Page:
There you are in your kitchen, staring at some uncooked chicken breast halves and some salad greens, and you have no idea how to turn them into food. Kraft has the answer: new Sizzling Salads chicken dinner kits, in four varieties (Chicken Caesar, Asian Chicken, Southwestern Chicken and Tuscan Chicken).
Each kit consists of two (six-ounce) bottles, enough for six servings each, of cooking sauce for the chicken and a complementary flavor of dressing for the salad. Sauté your chicken with the cooking sauce and toss your salad ingredients -- greens and whatever else you bring to the salad bowl -- with the salad dressing, and there, astonishingly, is dinner! (You might want to have a vegetable, too, but that's not Kraft's problem.)
The cooking sauces are pretty much salad dressings (although each is a different flavor from the salad dressing it's packaged with), so a kit is essentially 12 ounces of salad dressing. If you are surprised that the kits are priced the same as 16-ounce bottles of Kraft's salad dressings (so they cost 33 percent more per ounce), you need to take Mr. Tidbit's one-note supermarket course, "If It's New, It Costs More."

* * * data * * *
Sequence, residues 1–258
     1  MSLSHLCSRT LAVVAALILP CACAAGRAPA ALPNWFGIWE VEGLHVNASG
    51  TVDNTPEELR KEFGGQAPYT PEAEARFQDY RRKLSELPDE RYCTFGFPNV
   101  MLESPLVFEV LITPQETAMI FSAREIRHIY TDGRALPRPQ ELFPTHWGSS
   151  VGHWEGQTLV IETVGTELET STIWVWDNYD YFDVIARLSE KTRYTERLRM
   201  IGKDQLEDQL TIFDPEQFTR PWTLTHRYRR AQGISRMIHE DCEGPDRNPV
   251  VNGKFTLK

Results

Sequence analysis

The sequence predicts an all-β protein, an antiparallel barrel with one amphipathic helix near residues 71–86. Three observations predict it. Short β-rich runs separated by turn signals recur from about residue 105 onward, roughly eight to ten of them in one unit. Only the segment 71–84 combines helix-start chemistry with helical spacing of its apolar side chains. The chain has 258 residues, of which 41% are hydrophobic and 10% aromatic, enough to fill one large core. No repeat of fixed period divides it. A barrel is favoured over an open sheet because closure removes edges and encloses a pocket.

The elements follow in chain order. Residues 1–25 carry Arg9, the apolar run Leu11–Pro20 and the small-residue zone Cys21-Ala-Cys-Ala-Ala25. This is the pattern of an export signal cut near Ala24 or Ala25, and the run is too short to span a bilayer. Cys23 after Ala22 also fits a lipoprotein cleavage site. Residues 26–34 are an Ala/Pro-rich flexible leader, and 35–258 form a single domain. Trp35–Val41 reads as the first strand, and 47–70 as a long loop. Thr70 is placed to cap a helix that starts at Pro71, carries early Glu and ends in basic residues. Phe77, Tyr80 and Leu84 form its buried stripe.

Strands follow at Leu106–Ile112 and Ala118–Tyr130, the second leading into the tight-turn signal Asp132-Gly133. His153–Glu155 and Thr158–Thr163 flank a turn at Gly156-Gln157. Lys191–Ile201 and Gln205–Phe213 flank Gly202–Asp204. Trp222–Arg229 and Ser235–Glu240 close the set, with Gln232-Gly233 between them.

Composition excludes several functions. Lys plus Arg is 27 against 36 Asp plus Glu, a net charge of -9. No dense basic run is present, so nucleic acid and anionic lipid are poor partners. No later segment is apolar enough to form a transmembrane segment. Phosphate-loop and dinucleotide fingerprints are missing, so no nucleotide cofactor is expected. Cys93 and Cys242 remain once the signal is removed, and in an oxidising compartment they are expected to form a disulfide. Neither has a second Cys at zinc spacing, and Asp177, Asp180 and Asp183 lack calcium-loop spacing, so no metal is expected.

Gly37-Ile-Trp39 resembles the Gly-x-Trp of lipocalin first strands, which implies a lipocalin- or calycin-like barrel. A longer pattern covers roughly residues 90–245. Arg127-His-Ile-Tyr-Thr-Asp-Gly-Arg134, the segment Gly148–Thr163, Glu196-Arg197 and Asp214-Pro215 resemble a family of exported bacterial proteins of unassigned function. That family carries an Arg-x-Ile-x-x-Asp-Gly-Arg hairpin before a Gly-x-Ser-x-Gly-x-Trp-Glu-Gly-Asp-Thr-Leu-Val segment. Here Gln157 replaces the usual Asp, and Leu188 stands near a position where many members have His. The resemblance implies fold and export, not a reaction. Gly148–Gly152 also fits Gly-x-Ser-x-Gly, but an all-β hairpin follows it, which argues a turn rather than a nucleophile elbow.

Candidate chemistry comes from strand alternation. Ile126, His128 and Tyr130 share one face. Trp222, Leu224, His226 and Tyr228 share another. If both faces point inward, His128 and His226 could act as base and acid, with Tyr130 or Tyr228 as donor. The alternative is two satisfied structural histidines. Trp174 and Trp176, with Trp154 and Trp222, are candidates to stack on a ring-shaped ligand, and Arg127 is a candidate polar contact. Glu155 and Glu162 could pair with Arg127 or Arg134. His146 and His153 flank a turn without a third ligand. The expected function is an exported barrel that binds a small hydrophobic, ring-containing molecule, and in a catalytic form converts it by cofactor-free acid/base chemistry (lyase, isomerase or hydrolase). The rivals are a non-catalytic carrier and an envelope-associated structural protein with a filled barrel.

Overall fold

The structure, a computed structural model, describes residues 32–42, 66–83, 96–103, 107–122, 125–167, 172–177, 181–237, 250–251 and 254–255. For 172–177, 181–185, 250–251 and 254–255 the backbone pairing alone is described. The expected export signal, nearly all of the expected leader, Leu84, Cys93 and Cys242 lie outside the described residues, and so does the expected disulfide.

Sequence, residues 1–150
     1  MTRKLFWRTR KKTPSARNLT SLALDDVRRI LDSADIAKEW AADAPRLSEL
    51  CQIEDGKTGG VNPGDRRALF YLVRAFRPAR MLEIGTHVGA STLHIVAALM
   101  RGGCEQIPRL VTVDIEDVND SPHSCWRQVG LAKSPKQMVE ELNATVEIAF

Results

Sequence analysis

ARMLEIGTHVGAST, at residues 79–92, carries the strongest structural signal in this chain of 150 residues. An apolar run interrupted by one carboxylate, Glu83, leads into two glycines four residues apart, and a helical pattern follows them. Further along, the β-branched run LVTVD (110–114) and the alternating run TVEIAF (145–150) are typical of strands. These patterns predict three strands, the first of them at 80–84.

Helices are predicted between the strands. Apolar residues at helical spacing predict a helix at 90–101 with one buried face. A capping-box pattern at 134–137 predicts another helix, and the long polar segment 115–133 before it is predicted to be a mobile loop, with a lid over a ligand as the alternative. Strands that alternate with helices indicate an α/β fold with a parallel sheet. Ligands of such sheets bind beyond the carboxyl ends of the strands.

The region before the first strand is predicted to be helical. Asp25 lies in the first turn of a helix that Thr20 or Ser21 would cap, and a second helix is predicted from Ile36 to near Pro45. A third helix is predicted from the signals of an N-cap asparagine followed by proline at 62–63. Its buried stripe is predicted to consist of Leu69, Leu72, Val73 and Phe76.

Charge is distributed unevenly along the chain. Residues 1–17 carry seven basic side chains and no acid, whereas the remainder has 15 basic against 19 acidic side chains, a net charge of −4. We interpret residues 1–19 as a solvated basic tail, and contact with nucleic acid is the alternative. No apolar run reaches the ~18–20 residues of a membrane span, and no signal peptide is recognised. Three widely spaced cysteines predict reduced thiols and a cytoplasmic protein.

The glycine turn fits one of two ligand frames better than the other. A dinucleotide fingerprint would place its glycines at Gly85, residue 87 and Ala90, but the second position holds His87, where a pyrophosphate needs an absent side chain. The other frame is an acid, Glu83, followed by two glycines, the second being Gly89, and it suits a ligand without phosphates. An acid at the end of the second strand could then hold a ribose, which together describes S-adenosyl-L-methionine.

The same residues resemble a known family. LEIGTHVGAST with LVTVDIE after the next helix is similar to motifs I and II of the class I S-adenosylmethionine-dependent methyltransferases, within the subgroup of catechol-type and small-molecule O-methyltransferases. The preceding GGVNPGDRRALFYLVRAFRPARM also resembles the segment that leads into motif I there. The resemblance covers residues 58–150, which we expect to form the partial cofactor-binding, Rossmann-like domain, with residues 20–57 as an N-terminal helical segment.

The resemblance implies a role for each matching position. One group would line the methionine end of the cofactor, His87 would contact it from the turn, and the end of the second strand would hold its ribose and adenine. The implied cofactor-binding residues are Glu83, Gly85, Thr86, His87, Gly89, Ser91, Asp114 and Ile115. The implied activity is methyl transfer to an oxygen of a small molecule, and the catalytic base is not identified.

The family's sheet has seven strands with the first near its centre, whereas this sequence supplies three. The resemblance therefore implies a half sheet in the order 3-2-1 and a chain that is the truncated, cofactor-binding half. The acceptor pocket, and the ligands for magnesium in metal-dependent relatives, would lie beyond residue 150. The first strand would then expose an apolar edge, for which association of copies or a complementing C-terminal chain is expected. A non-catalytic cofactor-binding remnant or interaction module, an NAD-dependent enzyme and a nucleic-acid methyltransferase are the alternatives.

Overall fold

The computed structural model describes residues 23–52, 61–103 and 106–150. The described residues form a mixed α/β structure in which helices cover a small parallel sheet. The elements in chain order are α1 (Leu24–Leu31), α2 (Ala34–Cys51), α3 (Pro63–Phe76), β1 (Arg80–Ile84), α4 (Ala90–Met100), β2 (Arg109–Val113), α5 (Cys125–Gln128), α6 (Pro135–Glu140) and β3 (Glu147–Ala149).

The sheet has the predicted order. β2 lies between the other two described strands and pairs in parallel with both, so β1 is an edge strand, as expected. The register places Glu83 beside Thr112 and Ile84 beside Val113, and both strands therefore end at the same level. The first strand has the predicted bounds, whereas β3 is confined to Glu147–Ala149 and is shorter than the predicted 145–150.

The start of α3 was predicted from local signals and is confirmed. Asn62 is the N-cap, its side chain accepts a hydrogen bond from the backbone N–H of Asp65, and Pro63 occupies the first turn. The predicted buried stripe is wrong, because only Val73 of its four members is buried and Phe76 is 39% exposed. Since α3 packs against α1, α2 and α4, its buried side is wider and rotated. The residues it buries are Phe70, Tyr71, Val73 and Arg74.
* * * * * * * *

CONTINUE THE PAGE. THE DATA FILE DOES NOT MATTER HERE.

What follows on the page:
How thin is it?
New from Sargento, four varieties of "ultra thin" sliced cheese -- Colby-Jack, mild Cheddar, provolone and Swiss. How thin is "ultra"? Well, Sargento's regular sliced provolone is 12 slices, which the package already calls "thin slices." A similar package of ultra-thin slices contains 20 slices.
While visiting Sargento's website, Mr. Tidbit was astonished to find that this brings to 36 (36!) the number of Sargento sliced cheese products. There are also 36 shredded offerings, 20 sticks and string cheeses and eight miscellaneous things like grated and crumbled cheeses, for a grand total of 100 Sargento cheese products!
The jaded Tidbit consumer will have guessed, correctly, that one does not get ultra-thinness for nothing. The package of regular provolone weighs 8 ounces; for the same price, the package of ultra-thin sliced provolone weighs 7.6 ounces, so ultra-thin slices cost 5 percent more per ounce (there should have been 21 slices).